The team found a significant positive correlation between urban green spaces and happiness in all countries. Urban green spaces add increased happiness compared to the baseline happiness value determined by a nation’s wealth. The relationship was robust for other socioeconomic conditions, including life expectancy, health expenditure, unemployment, gender inequality, and education.

The team also examined whether this association was uniform across all countries. Happiness in the top 30 wealthiest countries (i.e., GDP per capita of 38,000 USD or above) is strongly affected by the amount of urban green spaces, whereas the GDP per capita is a more critical factor of happiness in the bottom 30 countries. The finding corroborates the conventional wisdom that economic prosperity is crucial for happiness up to a certain level after which, urban green spaces are a better indicator of happiness. The finding coincides with the Easterlin paradox concept, which describes how increases in happiness through wealth reach a saturation point after which the factors that improve happiness are unknown.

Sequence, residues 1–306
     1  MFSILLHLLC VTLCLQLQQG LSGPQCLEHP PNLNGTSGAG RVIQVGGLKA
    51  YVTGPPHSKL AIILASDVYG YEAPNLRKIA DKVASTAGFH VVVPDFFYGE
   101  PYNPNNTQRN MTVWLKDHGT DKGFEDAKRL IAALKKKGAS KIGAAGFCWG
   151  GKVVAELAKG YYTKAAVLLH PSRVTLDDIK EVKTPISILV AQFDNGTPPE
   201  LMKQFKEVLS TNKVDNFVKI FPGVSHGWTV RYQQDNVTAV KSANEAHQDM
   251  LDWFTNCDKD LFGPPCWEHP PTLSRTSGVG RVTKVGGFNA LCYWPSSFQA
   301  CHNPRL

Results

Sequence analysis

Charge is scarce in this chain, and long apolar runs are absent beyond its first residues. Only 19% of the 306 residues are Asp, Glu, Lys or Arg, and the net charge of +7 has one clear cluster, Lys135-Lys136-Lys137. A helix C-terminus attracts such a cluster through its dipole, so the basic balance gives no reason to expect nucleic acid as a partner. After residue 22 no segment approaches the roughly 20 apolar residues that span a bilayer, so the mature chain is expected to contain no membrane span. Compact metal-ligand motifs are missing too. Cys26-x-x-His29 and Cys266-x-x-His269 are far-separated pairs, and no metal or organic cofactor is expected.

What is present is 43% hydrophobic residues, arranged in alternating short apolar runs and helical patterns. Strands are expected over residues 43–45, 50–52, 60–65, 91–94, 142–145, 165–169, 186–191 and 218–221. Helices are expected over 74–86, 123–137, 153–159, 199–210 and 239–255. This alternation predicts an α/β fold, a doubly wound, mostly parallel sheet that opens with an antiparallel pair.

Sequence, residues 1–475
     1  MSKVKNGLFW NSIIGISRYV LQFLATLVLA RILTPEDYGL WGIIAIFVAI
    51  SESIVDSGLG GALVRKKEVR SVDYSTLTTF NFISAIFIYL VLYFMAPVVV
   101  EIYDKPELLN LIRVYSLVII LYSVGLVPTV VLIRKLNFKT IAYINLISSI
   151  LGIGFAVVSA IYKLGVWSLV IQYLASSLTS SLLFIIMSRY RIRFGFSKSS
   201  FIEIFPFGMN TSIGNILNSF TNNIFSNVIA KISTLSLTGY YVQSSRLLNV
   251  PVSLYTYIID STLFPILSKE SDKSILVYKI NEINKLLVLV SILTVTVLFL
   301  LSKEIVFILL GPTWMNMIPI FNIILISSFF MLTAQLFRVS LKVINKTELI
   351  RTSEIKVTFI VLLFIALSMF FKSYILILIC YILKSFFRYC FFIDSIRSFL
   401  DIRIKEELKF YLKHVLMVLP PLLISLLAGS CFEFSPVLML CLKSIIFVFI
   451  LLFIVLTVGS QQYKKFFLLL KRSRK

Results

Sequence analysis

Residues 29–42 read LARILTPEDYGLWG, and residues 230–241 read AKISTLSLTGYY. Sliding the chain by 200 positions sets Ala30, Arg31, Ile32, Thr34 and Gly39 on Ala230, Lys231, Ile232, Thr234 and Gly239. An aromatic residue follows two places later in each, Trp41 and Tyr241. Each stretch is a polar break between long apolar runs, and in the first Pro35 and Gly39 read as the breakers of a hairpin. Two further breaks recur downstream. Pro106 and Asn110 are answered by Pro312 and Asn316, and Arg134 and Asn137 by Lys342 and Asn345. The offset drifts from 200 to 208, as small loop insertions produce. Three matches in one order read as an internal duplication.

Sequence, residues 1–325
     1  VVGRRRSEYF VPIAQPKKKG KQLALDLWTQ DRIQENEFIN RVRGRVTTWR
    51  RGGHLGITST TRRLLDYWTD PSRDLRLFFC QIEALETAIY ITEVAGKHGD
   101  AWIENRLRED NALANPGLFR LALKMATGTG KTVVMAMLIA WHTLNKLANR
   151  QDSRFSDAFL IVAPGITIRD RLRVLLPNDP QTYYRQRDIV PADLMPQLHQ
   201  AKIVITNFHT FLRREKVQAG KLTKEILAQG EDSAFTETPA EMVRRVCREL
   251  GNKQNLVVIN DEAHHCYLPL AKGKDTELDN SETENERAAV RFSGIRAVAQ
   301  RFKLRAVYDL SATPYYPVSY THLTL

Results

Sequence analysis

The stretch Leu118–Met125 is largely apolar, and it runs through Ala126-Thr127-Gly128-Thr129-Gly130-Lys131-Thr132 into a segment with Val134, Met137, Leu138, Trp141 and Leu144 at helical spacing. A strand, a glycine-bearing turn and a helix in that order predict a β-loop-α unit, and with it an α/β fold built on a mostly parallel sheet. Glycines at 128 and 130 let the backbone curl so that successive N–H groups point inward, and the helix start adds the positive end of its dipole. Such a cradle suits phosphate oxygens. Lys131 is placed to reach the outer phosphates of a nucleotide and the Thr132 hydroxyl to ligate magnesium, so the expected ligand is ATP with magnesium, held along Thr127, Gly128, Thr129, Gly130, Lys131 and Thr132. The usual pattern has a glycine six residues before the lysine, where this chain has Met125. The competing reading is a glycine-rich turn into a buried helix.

The team also identified a direct positive relationship between social support for urban green spaces. The relationship indicates that the variable of social support can serve as a mediator between green spaces and happiness. The finding underlines the importance of maintaining urban green spaces as places for social cohesion in support of people’s happiness.

The researchers outline several policy-level implications in their work. First, public green spaces should be made accessible to urban dwellers to enhance social support. If public safety in urban parks is not guaranteed, its positive role in social support and happiness may diminish. Also, the meaning of public safety may change; for example, ensuring biological safety will be a priority in keeping urban parks accessible during the COVID-19 pandemic.

Second, urban planning for public green spaces is needed for developed and developing countries. As it is challenging or nearly impossible to secure land for green spaces after the area is developed, urban planning for parks and green spaces should be considered in developing economies where new cities and suburban areas are rapidly expanding.